A pair of new studies — one in the United States, another in Germany — reports strong evidence that diabetes rates climb with increasing air pollution in the form of of tiny airborne particles.
“Although previous studies had hinted at this possibility, the data were mostly from small studies or from animals exposed to high levels of particulate matter,” notes Aruni Bhatnagar, a cardiovascular researcher at the University of Louisville in Kentucky who did not take part in either study. He says the new data provide important and more rigorous evidence that real-world pollution may be tampering with blood sugar control in a large and growing number of people.
Both new studies focused on tiny airborne motes spewed primarily by traffic, coal-fired power plants and industrial boilers.
The new findings are particularly disturbing when set against “an exploding pandemic, if you will, of type 2 diabetes, particularly in urbanized areas around the world,” adds cardiologist Sanjay Rajagopalan of the Ohio State University College of Medicine in Columbus, who is also unaffiliated with either new study. “The traditional explanation for this pandemic,” he says, “has been changes in lifestyle — diet and exercise — and increasing obesity.”
Particulate pollution is emerging as another potentially important candidate for causing obesity, he says, owing to its ability to trigger chronic, low-grade inflammation — initially in the lung but also in a host of other tissues, including fat.
Last year, Rajagopalan’s team published data from mice that for the first time demonstrated that fine particulate pollution can conspire with obesity to promote metabolic disease. The researchers exposed animals for half a year to what’s known as PM-2.5, airborne particulate matter 2.5 micrometers in diameter or smaller. All the animals ate a high-fat diet and became obese.
Compared with fat mice breathing clean, filtered air, those that inhaled high but real-world concentrations of PM-2.5 developed chronic inflammation, insulin resistance, a propensity to deposit their fat around the belly and a host of other prediabetic changes. The study’s findings appeared in the Feb. 3 Circulation in 2009.
The next step was to look for signs that PM-2.5 promotes diabetes in people, and the new studies tackle that question, Rajagopalan contends.
For the U.S. study, John Pearson of Children’s Hospital Boston and his coworkers compared Environmental Protection Agency measurements of fine particulates in counties across the nation against county-by-county diabetes prevalence numbers that had been collected by the federal Centers for Disease Control and Prevention.
They found that for every 10 micrograms per cubic meter increase in average PM-2.5, diabetes prevalence climbed — in absolute terms — by about 1.15 percent. (For instance, the incidence in a county whose average particulate concentration was 15 µg/m3 might be 7 percent of all adults, versus 5.85 percent in a county where the average PM-2.5 level was just 5 µg/m3.) The probability that the observed associations are due solely to chance is less than one in 1,000, Pearson’s team reports in the October Diabetes Care.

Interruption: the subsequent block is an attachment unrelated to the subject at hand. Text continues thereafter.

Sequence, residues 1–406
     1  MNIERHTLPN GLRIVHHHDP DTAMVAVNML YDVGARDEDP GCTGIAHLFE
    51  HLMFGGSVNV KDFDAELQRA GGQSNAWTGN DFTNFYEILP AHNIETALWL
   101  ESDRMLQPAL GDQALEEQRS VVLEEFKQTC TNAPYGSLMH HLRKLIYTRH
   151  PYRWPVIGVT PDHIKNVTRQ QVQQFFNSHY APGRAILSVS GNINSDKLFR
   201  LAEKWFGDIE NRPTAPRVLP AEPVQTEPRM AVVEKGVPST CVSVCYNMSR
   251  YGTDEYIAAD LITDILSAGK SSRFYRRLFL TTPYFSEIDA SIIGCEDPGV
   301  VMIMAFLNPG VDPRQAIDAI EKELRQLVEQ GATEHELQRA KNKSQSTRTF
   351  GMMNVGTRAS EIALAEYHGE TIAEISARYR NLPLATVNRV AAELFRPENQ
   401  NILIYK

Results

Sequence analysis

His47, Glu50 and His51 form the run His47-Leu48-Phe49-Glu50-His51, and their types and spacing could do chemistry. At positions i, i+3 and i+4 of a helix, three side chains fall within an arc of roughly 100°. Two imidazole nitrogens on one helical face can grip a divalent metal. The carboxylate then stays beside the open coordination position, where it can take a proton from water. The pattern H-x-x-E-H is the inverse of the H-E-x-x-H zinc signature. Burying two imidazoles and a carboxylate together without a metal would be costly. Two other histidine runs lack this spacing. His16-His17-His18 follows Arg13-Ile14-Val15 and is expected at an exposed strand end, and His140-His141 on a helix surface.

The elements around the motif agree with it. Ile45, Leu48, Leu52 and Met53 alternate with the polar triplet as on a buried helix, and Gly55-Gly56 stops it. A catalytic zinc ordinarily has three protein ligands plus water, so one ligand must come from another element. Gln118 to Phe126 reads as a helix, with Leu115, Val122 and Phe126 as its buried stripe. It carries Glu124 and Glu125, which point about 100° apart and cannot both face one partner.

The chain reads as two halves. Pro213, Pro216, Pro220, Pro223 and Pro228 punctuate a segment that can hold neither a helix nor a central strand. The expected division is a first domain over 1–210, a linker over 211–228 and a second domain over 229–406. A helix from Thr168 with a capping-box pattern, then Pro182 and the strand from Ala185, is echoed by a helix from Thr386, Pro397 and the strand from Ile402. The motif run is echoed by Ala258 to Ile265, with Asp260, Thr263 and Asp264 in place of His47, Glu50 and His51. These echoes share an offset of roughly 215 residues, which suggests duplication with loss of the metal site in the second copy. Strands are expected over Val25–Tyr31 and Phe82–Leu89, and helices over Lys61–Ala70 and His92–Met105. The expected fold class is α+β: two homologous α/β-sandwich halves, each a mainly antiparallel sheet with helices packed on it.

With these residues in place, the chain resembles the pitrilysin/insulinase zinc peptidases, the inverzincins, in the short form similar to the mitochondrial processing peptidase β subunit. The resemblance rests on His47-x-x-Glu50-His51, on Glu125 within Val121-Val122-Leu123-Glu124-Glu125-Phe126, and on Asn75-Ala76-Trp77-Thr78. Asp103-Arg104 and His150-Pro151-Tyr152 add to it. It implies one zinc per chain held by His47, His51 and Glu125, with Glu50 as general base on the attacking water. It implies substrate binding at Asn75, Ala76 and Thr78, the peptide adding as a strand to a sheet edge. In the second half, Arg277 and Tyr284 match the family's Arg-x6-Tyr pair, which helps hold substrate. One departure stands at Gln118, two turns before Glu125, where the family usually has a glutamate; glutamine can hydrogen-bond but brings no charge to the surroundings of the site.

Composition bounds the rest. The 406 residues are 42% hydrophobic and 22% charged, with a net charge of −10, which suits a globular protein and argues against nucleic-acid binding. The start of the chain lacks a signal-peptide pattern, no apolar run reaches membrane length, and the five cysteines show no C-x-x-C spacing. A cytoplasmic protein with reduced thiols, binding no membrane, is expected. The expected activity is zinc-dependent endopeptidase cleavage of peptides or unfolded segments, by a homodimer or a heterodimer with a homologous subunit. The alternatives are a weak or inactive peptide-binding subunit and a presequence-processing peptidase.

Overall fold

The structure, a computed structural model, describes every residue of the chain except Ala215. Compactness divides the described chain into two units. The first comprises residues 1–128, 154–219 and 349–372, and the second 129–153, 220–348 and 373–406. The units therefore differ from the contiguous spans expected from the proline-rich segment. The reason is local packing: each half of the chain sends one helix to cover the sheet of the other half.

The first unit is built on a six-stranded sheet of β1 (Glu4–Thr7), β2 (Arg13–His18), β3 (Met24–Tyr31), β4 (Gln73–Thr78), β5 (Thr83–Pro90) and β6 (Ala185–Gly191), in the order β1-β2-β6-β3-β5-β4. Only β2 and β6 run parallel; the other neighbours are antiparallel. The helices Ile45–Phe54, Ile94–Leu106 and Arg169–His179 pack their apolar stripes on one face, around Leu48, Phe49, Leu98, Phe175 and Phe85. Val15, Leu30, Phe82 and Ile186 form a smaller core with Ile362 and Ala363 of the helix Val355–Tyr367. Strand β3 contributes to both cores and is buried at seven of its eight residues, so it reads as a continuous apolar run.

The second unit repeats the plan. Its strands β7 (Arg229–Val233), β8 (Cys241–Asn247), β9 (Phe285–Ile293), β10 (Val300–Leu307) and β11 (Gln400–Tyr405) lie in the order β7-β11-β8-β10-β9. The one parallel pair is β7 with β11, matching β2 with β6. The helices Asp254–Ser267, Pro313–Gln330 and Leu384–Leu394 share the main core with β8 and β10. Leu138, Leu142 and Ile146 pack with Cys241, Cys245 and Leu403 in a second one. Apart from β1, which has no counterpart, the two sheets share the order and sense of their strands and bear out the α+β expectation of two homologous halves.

Even after accounting for a host of known diabetes risk factors including obesity, diet, exercise and a community’s population density, air pollution’s link to the disease held, Pearson says. To further test the link his team reran its analyses, taking out areas of the country with high average pollution readings or eliminating data for ethnic groups known to be at especially high diabetes risk. “And no matter how we analyzed it, the association remained strong,” he says.
In the second study, epidemiologist Wolfgang Rathmann of the German Diabetes Center in Düsseldorf and his colleagues tallied new cases of the metabolic disease between 1990 and 2006 among 1,775 middle-age women. All were taking part in a study probing air pollution’s links to lung disease, inflammation and aging. In all, 187 of the participants developed diabetes.
Because PM-2.5 measurements were unavailable, the researchers used proximity to roads — where vehicles would be a major pollution source — as a proxy for exposure to fine particulates. Women who developed diabetes were more likely to have lived nearest to heavily trafficked roads, Rathmann reports.
Compared to the 25 percent of women living farthest from busy roads, the relative risk of developing diabetes was 15 percent higher for the 25 percent of women living closest to major roadways. The findings appear in the September Environmental Health Perspectives. That diabetes risk associated with PM-2.5 in this study was similar to what Pearson’s group measured in comparing the quarter of counties with the highest PM-2.5 values to the 25 percent of counties with the least fine-particulate pollution — about a 20 percent difference.
“There is a growing body of literature suggesting that people with diabetes may be more susceptible to the harmful effects of air pollution,” notes Gregory Wellenius of Brown University in Providence, R.I. These new studies suggest this hypothesis is worth investigating further, he says. However, the epidemiologist cautions, while such studies are useful in generating hypotheses, they can’t establish causation. He says additional studies with exposure values for individuals will be needed to confirm or refute these apparent links.
The big U.S. analysis is particularly interesting, Bhatnagar says, because it’s the first to show “in such a large and comprehensive study that air pollution is associated with diabetes.” But it does not address a perplexing trend, he notes: From 1994 to 2004, U.S. particulate pollution fell somewhat, while the prevalence of diabetes increased by between 4 and 6 percent.